We at Sport NI welcome the constructive reports that were put together by the Chartered Institute of Public Finance and Accountancy (CIPFA). The reports confirmed that the culture of governance and accountability in Sport NI is very strong. The board approaches its responsibilities of stewardship, accountability and leadership with the utmost sense of duty and strives to follow best practice of governance at all times. The board is fully aware of the objectives of Sport NI and the wider Government strategy for sport and physical recreation. The board plays an integral role in steering the organisation at a strategic level. It has a wide and appropriate skills and experience mix, which it uses to very good effect. That is supported by a strong ethos of continued professional development in Sport NI, which has seen members benefit from tailored training sessions provided both externally and in house.

As chairperson, I am tasked with leading the board. I seek to ensure that the board fulfils its responsibilities of scrutiny and oversight and that we prosper under the stewardship of public funds. I have particular responsibility for effective strategic leadership on matters such as formulating the board’s strategy for discharging its statutory duties; encouraging high standards of propriety and promoting the efficient and effective use of staff and other resources throughout the organisation; ensuring that the board, in reaching decisions, takes proper account of guidance provided by the Minister and the Department; and representing the views of the board to the general public. The chairperson’s role is very much one of relationship building. It is my role to ensure that effective relationships, based on trust and mutual respect, are fostered between the board and the executive, the board and its various committees, the board and the Department, and the board and its key stakeholders. The key stakeholders include governing bodies, local government, education, health and, importantly, community groups.

I am fully cognisant of my role and responsibilities. I actively engage with the full board to ensure that it remains effective in acting as a team and that it has full corporate ownership for all decisions that it takes. The board itself cannot do the work of Sport NI. In conjunction with the permanent secretary, we are responsible for the appointment and oversight of officers. The board delegates to its officers the responsibility to manage the business of Sport NI.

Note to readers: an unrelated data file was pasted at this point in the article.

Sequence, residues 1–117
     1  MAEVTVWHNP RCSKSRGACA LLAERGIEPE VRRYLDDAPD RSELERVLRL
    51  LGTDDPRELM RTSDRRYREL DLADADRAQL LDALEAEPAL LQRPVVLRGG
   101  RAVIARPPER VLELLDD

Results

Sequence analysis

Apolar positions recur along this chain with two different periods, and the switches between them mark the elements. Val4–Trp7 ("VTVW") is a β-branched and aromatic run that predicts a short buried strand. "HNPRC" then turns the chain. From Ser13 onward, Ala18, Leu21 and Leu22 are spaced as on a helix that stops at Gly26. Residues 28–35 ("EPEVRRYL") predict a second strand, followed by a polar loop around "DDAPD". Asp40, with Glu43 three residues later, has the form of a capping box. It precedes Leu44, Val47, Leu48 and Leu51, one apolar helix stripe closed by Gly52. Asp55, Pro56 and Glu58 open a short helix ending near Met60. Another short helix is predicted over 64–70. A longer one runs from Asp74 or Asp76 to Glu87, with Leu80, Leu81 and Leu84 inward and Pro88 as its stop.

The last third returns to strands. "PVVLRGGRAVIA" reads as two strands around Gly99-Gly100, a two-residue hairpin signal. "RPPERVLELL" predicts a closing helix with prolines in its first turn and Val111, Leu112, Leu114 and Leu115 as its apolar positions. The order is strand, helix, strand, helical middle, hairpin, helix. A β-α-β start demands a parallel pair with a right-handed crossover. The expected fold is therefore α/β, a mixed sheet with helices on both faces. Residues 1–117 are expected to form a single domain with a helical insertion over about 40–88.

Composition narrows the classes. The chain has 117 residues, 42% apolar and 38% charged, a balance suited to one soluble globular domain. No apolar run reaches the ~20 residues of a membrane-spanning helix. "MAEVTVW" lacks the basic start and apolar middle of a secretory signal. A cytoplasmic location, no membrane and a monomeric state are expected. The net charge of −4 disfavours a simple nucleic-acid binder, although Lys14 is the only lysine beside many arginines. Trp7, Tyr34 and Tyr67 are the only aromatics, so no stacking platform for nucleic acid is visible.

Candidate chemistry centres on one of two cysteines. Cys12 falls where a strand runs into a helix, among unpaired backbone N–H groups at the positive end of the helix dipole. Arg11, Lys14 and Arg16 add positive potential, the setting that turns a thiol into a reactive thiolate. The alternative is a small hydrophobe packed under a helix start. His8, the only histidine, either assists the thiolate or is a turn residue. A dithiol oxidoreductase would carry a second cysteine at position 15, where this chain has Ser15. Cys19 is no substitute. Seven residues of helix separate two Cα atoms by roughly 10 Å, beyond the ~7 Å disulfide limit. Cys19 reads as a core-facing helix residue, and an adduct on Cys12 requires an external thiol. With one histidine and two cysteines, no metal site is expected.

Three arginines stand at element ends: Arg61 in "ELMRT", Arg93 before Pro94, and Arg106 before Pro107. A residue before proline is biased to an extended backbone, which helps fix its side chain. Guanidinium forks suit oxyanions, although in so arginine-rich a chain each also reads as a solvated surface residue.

It is the chief executive of Sport NI, as the accounting officer, who has responsibility — under the board — for the overall organisation, management and staffing of Sport NI, and for its procedures and financial and other matters. That involves the promotion, by leadership and example, of the values that are embodied in Lord Nolan’s seven principles of public life. The board supports the chief executive in undertaking that responsibility. We are very aware that protection of the public pound is paramount.

The committees assist the board in the execution of its duties. A number of committees have been set up to provide overview and direction on more specific elements of Sport NI’s business. One of the key committees is the audit and risk management committee. The function of that committee, as defined in its terms of reference, is to support the accounting officer by monitoring and reviewing the risk, control and governance processes, which have been established in the organisation, and the associated assurance processes. That is achieved through a process of constructive challenge; not to undermine the actions of the accounting officer or wider Sport NI, but to help them to be fully assured that the most efficient, effective and economic risk, control and governance processes are in place and that the associated assurance processes are optimal.

As well as providing assurance to the accounting officer, the accounting committee is a useful mechanism for filtering information on risk and control to the accounting officer. Through the work that it does, the audit committee will develop a good knowledge of areas of weakness in the organisation and will assess their significance. That will assist the board and the accounting officer in identifying priorities for action.

The board, in all its work, operates in line with governing legislation. In addition, Sport NI stays abreast of best practices, and seeks to ensure that the operations remain current and effective. The board operates in the context of collective responsibility and adherence to the principles of public life to which I referred earlier.

As stated in the CIPFA report, I conduct an appraisal of board members. The purpose of that is to ensure that members contribute to an effective board that delivers the corporate plan of Sport NI. The board is ultimately accountable for the performance of the organisation. The success of Sport NI should be a significant factor to take into account when forming an opinion as to the effectiveness of its board.